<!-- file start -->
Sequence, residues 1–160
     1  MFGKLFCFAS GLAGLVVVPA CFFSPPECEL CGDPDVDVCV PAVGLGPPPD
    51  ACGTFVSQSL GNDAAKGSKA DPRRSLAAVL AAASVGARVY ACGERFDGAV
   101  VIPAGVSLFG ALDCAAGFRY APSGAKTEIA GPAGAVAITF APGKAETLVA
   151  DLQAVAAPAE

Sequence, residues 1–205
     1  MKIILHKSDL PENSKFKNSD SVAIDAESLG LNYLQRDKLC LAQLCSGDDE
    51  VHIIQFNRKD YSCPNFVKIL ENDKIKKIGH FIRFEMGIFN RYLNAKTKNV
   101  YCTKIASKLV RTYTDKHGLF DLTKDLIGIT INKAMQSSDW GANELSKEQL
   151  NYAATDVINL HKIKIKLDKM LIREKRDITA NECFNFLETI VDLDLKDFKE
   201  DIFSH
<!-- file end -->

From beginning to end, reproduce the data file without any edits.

Sequence, residues 1–160
     1  MFGKLFCFAS GLAGLVVVPA CFFSPPECEL CGDPDVDVCV PAVGLGPPPD
    51  ACGTFVSQSL GNDAAKGSKA DPRRSLAAVL AAASVGARVY ACGERFDGAV
   101  VIPAGVSLFG ALDCAAGFRY APSGAKTEIA GPAGAVAITF APGKAETLVA
   151  DLQAVAAPAE

Sequence, residues 1–205
     1  MKIILHKSDL PENSKFKNSD SVAIDAESLG LNYLQRDKLC LAQLCSGDDE
    51  VHIIQFNRKD YSCPNFVKIL ENDKIKKIGH FIRFEMGIFN RYLNAKTKNV
   101  YCTKIASKLV RTYTDKHGLF DLTKDLIGIT INKAMQSSDW GANELSKEQL
   151  NYAATDVINL HKIKIKLDKM LIREKRDITA NECFNFLETI VDLDLKDFKE
   201  DIFSH